In a sign of Russia’s waning appeal to foreign investors, the European Bank for Reconstruction and Development said Wednesday that its investments in Russia fell sharply last year to €1.8 billion ($2.5 billion) from €2.6 billion in 2012. (…)
Data hint at greater corporate capital investment plans
(…) Orders of new machinery by businesses, considered a leading indicator of overall capital investment, surged to a five-year high in November, rising 9.3 per cent to Y882.6bn. The year-on-year increase, which handily beat analysts’ expectations, was the second in two months and the fifth biggest on record. (…)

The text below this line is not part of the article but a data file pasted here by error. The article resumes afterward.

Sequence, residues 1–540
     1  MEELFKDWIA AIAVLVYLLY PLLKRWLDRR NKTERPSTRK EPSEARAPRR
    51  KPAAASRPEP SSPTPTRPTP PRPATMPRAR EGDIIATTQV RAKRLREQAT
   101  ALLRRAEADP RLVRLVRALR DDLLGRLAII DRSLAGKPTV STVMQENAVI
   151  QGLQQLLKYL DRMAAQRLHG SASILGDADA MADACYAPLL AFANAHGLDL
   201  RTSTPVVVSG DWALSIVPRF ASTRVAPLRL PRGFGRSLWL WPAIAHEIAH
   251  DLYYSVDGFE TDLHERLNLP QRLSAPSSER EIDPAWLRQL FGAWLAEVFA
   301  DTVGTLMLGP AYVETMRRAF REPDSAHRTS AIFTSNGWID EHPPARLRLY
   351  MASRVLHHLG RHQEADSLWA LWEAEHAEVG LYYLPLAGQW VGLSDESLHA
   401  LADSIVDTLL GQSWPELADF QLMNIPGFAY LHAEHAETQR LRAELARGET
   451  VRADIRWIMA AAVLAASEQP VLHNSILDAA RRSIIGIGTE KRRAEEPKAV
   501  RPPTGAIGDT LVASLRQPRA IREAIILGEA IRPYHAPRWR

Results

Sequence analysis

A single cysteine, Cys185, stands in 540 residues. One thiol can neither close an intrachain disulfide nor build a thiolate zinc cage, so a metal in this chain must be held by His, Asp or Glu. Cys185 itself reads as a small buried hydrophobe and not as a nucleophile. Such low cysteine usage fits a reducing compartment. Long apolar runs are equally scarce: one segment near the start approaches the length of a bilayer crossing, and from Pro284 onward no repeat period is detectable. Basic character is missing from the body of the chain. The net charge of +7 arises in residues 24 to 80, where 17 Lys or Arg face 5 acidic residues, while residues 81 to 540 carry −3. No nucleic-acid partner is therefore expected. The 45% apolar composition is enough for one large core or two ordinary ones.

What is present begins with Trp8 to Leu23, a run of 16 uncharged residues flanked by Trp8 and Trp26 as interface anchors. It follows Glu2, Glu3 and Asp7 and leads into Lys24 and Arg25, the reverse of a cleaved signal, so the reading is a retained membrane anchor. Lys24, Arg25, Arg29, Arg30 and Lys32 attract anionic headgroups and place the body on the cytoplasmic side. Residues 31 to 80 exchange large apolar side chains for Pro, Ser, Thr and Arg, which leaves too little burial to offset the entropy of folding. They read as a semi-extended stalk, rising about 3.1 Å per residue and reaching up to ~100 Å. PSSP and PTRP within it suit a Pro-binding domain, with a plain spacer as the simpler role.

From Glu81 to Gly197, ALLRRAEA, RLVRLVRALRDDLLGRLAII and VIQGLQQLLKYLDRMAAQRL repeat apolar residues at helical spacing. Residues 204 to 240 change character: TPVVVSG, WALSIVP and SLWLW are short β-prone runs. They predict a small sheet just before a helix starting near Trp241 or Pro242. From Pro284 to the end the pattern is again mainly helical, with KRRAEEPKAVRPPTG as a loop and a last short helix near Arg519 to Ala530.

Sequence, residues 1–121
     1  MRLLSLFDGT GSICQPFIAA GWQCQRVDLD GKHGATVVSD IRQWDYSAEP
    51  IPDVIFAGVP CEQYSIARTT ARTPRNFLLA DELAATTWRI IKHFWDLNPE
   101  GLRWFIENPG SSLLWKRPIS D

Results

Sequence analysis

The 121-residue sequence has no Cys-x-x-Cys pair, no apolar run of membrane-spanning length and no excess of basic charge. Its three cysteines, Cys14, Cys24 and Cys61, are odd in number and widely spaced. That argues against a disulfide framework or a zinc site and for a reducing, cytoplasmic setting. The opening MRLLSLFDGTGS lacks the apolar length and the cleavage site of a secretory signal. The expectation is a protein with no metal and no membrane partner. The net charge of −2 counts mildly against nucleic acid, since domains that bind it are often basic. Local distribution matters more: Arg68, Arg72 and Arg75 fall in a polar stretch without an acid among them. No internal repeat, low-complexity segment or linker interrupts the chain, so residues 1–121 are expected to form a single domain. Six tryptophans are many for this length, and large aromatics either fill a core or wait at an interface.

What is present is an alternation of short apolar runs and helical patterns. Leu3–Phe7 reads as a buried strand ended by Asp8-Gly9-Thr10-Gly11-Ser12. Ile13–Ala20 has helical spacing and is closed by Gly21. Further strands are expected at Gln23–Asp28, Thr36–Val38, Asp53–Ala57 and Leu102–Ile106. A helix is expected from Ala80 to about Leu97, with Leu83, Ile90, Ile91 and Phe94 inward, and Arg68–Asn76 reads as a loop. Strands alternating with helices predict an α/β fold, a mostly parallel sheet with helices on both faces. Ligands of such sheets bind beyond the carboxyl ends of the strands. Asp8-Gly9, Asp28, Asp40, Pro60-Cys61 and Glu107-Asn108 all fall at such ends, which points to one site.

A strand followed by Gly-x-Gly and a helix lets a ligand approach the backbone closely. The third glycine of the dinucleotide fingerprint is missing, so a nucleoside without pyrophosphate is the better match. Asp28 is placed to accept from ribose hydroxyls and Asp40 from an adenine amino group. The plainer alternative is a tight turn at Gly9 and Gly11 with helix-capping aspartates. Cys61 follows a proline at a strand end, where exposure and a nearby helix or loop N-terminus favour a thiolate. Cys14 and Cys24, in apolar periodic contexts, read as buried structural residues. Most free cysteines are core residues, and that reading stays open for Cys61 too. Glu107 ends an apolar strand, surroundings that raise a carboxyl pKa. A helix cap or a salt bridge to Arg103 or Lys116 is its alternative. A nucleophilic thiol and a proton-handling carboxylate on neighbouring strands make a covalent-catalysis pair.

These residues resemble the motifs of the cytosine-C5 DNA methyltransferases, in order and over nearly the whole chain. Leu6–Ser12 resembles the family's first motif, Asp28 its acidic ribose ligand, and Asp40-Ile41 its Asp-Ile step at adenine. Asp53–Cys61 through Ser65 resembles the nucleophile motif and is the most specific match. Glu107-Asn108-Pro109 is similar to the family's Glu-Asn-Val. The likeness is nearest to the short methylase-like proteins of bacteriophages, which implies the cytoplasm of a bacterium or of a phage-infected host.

World’s most aggressive tightening cycle continues
The central bank raised the Selic rate by 50 basis points to 10.5 per cent on Wednesday, extending the world’s most aggressive tightening cycle. It has raised interest rates by 325 basis points over the past nine months. (…)
At Brazil’s previous interest rate meeting, the central bank changed its statement for the first time in months, signalling the tightening cycle would soon be over.
However, a surge in prices in December took the central bank by surprise, likely forcing a revision to the country’s monetary policy strategy, economists say.
Data from the national statistics agency last week showed consumer prices jumped 0.92 per cent in December, the most since April 2003.
The annual inflation rate for the month – 5.91 per cent – also came in above estimates from all analysts in a Bloomberg survey and far above the country’s official 4.5 per cent target. (…)